O'Leary speaks French, Blaney drinks milk, and other curious incidents at the Conservative leadership debate

The Conservative party leadership debate in Montreal's West Island was full of political theatre, including a glass of milk used as a prop, two candidates being shut out, and celebrity businessman Kevin O'Leary showcasing his heavily-accented French.

Sparks fly as leadership hopefuls gather in Pointe-Claire, Que.

Candidate Steven Blaney toasts the audience with a glass on milk during the Conservative Party leadership debate in Pointe-Claire. (Paul Chiasson/Canadian Press)

The Conservative party leadership debate in Montreal's West Island was replete with political theatre, including a glass of milk used as a prop, two candidates being shut out altogether, and celebrity businessman Kevin O'Leary showcasing his heavily-accented French.

About 250 people packed into the Holiday Inn in Pointe-Claire, Que., to hear 11 of the 14 candidates vying for the party's top job.

Early in the evening, O'Leary addressed concerns about his ability to express himself in French by giving his opening statements entirely in the language.

Throughout the evening, O'Leary spoke in his second language — often reading from a sheet in his hand — and said he's working daily with a tutor to improve his fluency.

Kevin O'Leary introduces himself in French, and gets great applause from a packed hall on the West Island during a Conservative bilingual debate. 0:53

Quebec City shooting addressed

The room fell silent when candidates were asked what politicians need to do to renew engagement with minorities.

The question made specific reference to the Quebec City mosque shooting.

Each question in the debate was addressed specifically to three candidates. This question was directed to two Quebec candidates — Maxime Bernier and Steven Blaney — and Kellie Leitch.

Leitch has proposed newcomers to Canada go through a screening process to ensure they fit "Canadian values" before being allowed in the country.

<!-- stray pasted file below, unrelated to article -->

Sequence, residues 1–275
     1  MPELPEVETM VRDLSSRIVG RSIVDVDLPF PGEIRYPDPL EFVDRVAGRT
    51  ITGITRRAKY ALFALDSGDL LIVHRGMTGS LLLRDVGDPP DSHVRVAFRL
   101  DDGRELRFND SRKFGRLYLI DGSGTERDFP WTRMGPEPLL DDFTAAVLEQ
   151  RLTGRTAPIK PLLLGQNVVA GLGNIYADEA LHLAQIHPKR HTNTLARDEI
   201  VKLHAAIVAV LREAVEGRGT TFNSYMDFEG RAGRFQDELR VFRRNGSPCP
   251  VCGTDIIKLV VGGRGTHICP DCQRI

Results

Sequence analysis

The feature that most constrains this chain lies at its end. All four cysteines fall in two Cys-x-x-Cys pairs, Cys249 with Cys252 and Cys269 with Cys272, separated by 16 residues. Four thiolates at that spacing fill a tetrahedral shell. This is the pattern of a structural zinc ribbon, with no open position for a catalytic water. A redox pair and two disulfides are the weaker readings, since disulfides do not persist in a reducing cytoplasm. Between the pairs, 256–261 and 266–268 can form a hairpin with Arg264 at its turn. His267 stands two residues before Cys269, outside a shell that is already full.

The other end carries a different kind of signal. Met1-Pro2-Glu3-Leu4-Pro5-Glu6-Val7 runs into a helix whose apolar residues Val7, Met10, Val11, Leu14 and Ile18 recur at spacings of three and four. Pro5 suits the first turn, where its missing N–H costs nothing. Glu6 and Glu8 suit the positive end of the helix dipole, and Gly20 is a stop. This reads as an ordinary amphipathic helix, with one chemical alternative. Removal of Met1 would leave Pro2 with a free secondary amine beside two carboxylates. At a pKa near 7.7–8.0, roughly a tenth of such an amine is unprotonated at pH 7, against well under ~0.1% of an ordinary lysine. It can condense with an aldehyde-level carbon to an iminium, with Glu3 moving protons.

In response, she said the shooting that left six dead and 17 children without their fathers was a "travesty," but reiterated her plan to implement a screening process for immigrants and refugees.

Supply management theatrics

In a scene that might've been taken from the script of the Broadway musical Hamilton, Bernier and Blaney engaged in a rap-battle-esque argument over supply management.

Bernier has built his campaign on being a staunch supporter of the free market. Blaney spent his opening and closing remarks extolling the virtues of Canada's dairy, egg and poultry quota system.

He carried a cup of milk on stage as a prop to show his support.
Conservative leadership candidate Kevin O'Leary addresses a Conservative Party leadership debate Monday, February 13, 2017 in Montreal. (Paul Chiasson/Canadian Press)

The two men candidates took turns responding directly to each other, mics in hand. When Blaney's microphone was cut off because he surpassed his allotted amount of time, he continued yelling.

Organization issues

Both Brad Trost and Pierre Lemieux were shut out of the debate after a "communications breakdown" between their campaigns and the riding associations that organized the debate.

Both candidates were in the room, but weren't allowed to debate.

The only candidate absent was Deepak Ohbrai, who had a scheduling conflict.

Conservative Party members will elect their next leader on May 27.


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